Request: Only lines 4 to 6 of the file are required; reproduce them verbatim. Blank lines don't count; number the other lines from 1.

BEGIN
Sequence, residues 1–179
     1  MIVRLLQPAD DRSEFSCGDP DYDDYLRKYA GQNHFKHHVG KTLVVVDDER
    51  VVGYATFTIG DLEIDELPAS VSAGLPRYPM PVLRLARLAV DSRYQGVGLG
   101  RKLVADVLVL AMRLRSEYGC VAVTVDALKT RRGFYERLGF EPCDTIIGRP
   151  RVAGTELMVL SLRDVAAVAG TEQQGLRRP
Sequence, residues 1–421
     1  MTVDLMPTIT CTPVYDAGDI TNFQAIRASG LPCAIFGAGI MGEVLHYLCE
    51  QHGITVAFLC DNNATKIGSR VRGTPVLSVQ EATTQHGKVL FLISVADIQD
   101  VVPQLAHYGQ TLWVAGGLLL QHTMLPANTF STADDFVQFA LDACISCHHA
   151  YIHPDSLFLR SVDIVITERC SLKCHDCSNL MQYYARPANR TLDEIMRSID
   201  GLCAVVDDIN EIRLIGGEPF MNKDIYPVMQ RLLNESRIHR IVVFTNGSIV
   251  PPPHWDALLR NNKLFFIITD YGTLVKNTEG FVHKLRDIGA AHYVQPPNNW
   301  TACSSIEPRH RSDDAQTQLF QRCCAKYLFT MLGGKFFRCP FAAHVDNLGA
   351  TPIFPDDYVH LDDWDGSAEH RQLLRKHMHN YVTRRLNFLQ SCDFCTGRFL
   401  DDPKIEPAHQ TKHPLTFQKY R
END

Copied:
   101  RKLVADVLVL AMRLRSEYGC VAVTVDALKT RRGFYERLGF EPCDTIIGRP
   151  RVAGTELMVL SLRDVAAVAG TEQQGLRRP
Sequence, residues 1–421